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Elevated Apartment Construction Softens Jacksonville HMA Rental Market


Keywords: Housing Market, Rental Market, Housing Construction, Data

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Elevated Apartment Construction Softens Jacksonville HMA Rental Market

Map illustrating the boundaries of the 10 regions defined by HUD and their included states.The home sales market in the Jacksonville HMA is balanced, with an estimated vacancy rate of 1.8 percent as of January 1, 2024.

T. Michael Miller is a regional economist in the Jacksonville Field Office for HUD's Economic and Market Analysis Division.

HUD’s Comprehensive Housing Market Analyses provide information on changes in local economies, housing markets, and populations and provide 3-year forecasts for demand in the area. This article is part of a series that sheds light on the content of these analyses.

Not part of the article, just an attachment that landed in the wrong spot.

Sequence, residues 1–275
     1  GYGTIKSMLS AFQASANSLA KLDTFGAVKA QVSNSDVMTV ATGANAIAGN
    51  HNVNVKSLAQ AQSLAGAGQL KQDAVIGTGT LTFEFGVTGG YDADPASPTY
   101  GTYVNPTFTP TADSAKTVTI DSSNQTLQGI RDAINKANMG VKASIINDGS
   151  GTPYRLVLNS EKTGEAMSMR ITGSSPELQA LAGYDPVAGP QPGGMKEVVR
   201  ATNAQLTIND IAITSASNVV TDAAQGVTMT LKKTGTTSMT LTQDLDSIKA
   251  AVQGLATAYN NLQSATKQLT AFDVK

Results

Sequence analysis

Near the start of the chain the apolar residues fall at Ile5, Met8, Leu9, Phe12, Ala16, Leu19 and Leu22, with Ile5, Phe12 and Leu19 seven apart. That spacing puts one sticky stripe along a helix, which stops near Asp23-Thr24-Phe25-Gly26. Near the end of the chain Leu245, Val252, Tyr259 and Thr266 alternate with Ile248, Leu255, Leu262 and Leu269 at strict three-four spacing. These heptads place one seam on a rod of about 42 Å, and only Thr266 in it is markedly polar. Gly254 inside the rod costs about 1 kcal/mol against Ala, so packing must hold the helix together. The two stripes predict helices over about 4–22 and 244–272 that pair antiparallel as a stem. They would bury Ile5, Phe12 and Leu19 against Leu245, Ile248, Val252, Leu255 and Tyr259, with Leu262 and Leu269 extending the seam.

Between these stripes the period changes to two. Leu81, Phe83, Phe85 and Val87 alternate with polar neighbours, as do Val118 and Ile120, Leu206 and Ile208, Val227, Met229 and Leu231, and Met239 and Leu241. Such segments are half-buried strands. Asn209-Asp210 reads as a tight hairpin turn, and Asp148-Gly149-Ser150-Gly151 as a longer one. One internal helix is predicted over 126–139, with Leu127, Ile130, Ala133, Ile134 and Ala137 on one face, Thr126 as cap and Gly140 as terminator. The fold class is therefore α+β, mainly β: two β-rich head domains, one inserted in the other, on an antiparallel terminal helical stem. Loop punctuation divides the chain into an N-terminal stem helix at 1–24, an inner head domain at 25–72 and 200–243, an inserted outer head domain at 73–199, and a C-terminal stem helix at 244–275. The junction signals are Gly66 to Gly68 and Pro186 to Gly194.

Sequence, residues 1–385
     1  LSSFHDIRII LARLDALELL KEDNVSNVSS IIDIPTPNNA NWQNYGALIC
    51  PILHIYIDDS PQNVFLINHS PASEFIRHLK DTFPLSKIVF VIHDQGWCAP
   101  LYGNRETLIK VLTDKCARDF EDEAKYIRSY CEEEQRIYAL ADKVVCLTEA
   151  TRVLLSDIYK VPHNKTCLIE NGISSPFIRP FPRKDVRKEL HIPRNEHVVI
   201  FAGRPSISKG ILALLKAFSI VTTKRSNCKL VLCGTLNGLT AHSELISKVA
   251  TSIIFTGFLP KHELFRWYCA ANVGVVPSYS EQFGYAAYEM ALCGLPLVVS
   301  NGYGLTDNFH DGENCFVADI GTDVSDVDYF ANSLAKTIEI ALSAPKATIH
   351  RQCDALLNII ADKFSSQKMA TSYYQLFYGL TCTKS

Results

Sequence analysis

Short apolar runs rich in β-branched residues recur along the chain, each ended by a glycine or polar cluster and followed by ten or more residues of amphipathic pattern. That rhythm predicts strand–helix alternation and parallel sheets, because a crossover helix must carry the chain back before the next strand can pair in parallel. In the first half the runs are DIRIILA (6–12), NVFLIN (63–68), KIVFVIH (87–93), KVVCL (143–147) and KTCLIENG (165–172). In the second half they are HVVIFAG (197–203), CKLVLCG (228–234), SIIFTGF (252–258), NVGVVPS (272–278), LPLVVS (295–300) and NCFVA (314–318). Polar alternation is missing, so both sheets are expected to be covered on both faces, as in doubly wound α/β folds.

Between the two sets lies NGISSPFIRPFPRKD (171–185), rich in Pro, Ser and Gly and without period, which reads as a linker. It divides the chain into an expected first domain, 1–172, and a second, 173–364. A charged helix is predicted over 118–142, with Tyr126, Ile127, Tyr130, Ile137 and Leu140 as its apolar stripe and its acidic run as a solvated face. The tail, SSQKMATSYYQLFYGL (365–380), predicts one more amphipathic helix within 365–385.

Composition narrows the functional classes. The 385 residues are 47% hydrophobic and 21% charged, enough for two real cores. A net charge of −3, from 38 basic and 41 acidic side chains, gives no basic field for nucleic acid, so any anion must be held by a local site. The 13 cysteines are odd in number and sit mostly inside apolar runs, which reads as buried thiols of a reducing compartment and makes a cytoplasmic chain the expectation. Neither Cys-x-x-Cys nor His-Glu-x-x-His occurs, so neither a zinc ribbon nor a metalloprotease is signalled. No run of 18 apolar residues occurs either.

The Jacksonville Housing Market Area (Jacksonville HMA) in northeast Florida is coterminous with the Jacksonville, FL Metropolitan Statistical Area (MSA) and includes Baker, Clay, Duval, Nassau, and St. Johns Counties. The city of Jacksonville, which encompasses 875 square miles, is the largest incorporated city in the continental United States by area. Jacksonville accounts for approximately 58 percent of the HMA’s population and is the most populous incorporated city in Florida. The HMA’s population was estimated at 1.73 million as of January 1, 2024. Population growth in the HMA has been strong since 2013, averaging 31,200 people, or 2.0 percent, annually because of strong job growth and the subsequent strong in-migration to the HMA. During this period, net in-migration averaged 27,450 people annually, nearly three times the average net in-migration of 9,750 people annually from 2010 to 2013. A recent Comprehensive Housing Market Analysis highlighted the Jacksonville HMA and reflects local conditions as of January 1, 2024.